Sunday, September 20, 2015

Never Give Up!

    When days are rough, I sometimes need to remember my own motto, "NEVER GIVE UP"! I learned this motto on the first day, of my first, full time special education teaching job way back in 1984. First jobs toward one's career are the foundation for the rest of our days until we one day retire. I'm not anywhere near retirement, nor do I want to be, but my motto still rings true, "Never Give Up."
      Today is a particularly difficult day for me tied in to difficult, weeks, months, and years. It's a personal journey that isn't at the point of sharing and doubt it ever will be. Those who know of it, tell me to "Give up". The thing is, I can't.  If I give up I'm only failing myself, failing the other, and not fulfilling my motto of, "Never Give Up"! As in my first special education job, I have often received children who appeared so lost that there was no way to help them. 
       In my first job, I taught 8 boys all under the age of 16. I was also home caretaker for four of the boys. Since this was a residential setting, this meant that I had to come to work an hour early to help the boys clean-up, get dressed, and eat breakfast. All four boys were basically non-verbal, one had a few words. They were also both self-abusive and sometimes aggressive. 
    On my first day, I went with my Principal to meet my new students. While walking through the boys' residential home unit we found one, a rather large boy, about 5'5" weighing nearly 200 pounds, kneeling on the steps leading  to the second floor, leaning on his elbows. He was jabbering in his own language. He was blocking the stairway from both directions. Since this was a locked unit, the principal simply said this is "Douglas".:" He never stays with the group. If he leaves, let him go. He'll hurt you if you don't. He can't get out the facility is locked and fenced in." I simply nodded. I wasn't agreeing with her, I was matter-of-factly processing what she said. I finished the day, meeting all of my students, and colleagues. The school had two full time teachers, and an art and physical education teacher that traveled between schools. There were numerous house mothers/aides, a cook, and two laundry persons. This was not a job for the light-hearted. This was also not a job that I ever saw myself in, but here I was and I was determined to make a difference in these kids lives. I was going to figure out "Big Doug", and make sure he became part of the group.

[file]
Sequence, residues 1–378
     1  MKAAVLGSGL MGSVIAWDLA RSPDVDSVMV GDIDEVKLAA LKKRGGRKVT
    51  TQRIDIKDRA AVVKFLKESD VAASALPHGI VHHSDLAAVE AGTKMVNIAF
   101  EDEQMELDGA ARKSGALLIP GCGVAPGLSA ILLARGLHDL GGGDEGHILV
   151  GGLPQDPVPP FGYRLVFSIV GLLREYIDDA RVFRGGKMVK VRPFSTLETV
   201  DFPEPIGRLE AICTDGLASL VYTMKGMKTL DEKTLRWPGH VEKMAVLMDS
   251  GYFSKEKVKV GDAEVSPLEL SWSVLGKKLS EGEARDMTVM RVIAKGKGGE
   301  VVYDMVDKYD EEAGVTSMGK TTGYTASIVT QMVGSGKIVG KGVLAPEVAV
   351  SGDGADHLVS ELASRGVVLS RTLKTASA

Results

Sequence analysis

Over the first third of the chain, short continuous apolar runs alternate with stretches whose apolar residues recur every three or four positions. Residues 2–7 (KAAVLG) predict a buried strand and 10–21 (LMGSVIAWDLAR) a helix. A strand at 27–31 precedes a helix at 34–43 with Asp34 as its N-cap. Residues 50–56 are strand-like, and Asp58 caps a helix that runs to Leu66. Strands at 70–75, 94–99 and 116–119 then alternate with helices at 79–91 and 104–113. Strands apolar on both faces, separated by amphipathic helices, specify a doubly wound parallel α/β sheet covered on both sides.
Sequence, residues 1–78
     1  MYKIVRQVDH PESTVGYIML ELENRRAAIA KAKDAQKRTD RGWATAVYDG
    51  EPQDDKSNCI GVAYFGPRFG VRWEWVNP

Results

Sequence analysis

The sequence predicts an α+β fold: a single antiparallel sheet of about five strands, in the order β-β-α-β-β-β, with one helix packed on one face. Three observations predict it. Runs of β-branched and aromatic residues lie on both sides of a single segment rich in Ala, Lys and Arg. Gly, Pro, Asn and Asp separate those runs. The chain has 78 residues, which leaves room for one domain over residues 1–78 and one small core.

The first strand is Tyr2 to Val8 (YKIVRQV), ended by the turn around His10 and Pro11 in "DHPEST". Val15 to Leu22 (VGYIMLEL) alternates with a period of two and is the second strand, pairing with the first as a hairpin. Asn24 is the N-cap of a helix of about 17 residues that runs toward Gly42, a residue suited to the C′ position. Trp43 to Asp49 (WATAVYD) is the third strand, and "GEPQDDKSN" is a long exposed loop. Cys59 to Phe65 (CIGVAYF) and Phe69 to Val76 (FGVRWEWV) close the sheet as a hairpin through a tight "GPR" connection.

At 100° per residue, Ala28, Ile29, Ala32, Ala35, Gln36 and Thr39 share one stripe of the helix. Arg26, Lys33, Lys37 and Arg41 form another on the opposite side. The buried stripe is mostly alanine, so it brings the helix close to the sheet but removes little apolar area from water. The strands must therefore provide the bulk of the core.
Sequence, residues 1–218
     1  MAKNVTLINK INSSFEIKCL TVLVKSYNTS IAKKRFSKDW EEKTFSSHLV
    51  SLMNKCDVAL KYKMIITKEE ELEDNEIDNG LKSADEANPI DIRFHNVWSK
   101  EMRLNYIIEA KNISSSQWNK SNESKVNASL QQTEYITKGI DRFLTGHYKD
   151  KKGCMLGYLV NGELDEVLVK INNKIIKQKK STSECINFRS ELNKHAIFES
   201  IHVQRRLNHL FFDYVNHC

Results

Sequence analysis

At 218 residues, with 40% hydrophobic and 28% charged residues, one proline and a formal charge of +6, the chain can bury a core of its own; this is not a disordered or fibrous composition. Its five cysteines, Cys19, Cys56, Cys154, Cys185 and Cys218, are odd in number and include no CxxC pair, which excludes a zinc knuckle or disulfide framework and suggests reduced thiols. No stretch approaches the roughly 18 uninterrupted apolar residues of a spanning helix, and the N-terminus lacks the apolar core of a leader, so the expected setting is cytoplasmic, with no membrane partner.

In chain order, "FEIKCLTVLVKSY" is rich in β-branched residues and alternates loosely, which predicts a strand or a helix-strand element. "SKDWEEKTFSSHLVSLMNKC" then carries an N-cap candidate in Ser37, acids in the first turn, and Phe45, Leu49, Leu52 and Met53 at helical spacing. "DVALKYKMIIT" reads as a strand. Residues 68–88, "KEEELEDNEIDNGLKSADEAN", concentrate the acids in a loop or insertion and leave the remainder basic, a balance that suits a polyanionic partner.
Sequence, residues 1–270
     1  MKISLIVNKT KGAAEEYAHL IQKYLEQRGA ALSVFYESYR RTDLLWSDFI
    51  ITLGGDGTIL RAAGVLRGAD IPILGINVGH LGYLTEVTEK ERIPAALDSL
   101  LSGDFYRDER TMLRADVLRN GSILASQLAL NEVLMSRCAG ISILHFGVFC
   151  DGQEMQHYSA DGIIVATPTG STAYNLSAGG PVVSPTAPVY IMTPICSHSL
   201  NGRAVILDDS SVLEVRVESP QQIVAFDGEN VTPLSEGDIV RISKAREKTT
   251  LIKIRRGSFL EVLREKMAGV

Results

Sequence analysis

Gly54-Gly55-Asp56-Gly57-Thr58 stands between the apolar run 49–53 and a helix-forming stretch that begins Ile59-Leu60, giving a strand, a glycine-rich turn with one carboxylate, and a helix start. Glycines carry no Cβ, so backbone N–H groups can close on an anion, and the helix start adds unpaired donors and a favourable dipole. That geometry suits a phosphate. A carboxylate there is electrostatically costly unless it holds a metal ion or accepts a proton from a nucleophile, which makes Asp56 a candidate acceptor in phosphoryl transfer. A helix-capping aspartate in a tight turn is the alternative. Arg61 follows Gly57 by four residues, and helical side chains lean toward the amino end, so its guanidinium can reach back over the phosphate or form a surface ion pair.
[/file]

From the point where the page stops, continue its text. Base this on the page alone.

That first night, I couldn't sleep. I read the boys IEPs (Individual Education Plans) carefully. It appeared that all kinds of people came in and out of these boys lives. I literally had the kids that nobody else wanted. The last teacher was let go for tying the children to chairs with shoe strings! My mind kept wandering back to Doug and what brought him here and why he did he not want to be with people. Oddly, our birthdate was the same! 
     Day two began bright and early. I had to be at school before 7:00 am. The other employees were not responsive to me. I guess they saw too many other people come and go. I found Big Doug staring out his bedroom window. He was having a full conversation, complete with hand gestures, and head shakes all by himself. He was so adorable that I had to chuckle. I gingerly approached him because I didn't want him to bolt. I simply placed my hand gently on his shoulder and listened as if I understood. He didn't flee. 
     Eventually I had all four of my boys up, cleaned and dressed. My self-abusive autistic guy scratched me up pretty good right down my neck when I removed his mitts to get him dressed. He was a tough one, but we made it through. I held Big Doug's hand all the way to the breakfast table down stairs. We made it! The table was U shaped with Doug sitting in the U against the wall so he couldn't escape. Doug would sit in his chair while eating and bounce up and down while giggling. He was precious! After the boys finished eating, I cleaned them up at the table. We then exited to go to the school house which was directly next to the residential house. Doug made a break for it when we went outside! He ran to  picnic table put his knees on the bench and his elbows on the top and carried on his one man conversations!